It usually takes up two to four years to register a patent in Brunei Darussalam. A patent which has been registered is given a term of twenty years from the date of filing, subject to payment of annual renewal fees.

For the ‘re-registration’ of a Malaysian, Singapore or UK granted patent, the total cost of  filing a patent (including official fee, disbursements and legal fee) is B$ 1,100 (approximately EUR 685). For a national application of a patent, the cost is B$ 5,000 (approximately EUR 3,105).

How to Apply for a Patent

National Filing

Patent application must be filed in English with the Brunei Darussalam Intellectual Property Office. There are no restrictions based on nationality or residency in applying for a patent in Brunei Darussalam. However, a foreign applicant is required to file through an authorised representative (agent) with a local address in Brunei Darussalam.

The first step an applicant should take is to request for a patent to be granted by filing the relevant statutory forms together with the specifications of the invention including the description, drawings and claims.

Once the Registrar gives notification that all formalities are met, the applicant then files a request for a search report and subsequently an examination report. The search report is a search for any relevant prior art carried out by an examiner under the Registrar. The examination report ensures that all relevant provisions have been complied with.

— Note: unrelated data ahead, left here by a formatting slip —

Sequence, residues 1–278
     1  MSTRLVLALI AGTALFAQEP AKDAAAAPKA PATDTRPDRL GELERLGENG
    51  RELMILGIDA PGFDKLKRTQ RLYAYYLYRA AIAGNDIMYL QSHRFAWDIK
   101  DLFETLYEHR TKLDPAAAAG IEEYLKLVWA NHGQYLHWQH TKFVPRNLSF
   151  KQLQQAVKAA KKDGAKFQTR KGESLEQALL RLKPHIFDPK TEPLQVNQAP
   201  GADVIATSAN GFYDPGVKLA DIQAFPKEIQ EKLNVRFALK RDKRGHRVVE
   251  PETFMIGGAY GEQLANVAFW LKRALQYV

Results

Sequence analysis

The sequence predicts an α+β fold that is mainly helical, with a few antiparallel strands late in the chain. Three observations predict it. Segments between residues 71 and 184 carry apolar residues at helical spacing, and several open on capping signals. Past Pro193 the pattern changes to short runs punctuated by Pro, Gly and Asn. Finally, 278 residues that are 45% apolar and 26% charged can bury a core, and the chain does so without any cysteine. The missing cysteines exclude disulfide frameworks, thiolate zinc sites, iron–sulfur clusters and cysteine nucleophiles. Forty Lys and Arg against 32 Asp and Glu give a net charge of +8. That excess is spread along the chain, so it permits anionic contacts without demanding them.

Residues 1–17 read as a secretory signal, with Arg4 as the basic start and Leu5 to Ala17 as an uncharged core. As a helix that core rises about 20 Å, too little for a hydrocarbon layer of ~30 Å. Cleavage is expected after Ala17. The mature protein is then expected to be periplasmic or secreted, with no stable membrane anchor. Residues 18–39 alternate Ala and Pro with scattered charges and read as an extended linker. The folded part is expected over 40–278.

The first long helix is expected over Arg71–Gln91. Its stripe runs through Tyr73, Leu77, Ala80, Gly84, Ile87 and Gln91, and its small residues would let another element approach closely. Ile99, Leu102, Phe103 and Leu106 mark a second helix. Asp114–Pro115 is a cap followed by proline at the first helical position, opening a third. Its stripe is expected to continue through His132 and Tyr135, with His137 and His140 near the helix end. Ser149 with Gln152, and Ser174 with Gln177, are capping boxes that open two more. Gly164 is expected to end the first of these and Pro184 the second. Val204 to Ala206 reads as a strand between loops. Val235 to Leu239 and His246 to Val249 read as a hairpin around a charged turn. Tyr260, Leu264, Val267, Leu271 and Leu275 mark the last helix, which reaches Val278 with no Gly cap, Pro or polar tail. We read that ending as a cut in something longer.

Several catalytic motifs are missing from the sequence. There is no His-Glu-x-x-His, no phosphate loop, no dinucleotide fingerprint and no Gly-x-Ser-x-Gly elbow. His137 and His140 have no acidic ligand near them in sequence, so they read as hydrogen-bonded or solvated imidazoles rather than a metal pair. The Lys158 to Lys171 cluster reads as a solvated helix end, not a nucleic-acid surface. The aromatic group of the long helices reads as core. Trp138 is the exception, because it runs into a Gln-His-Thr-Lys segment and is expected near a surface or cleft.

The applicant lastly, files the Request for the Grant Certificate when the application is published in the Patent Journal to receive the Certificate of Grant of the Patent if the application is all in order and no amendments are required to be made.

An applicant who has earlier filed a patent in a country of the Paris Convention or a WTO member country may claim priority based on the earlier application in the subsequent application in Brunei Darussalam Darussalam, if the application was made within twelve months and not published. The application process is the same as outlined above, however the applicant has priority in this case assuming that no other application has been made in Brunei Darussalam before the applicant filed his/her patent within the foreign country in question.

Filing through Patent Cooperation Treaty Route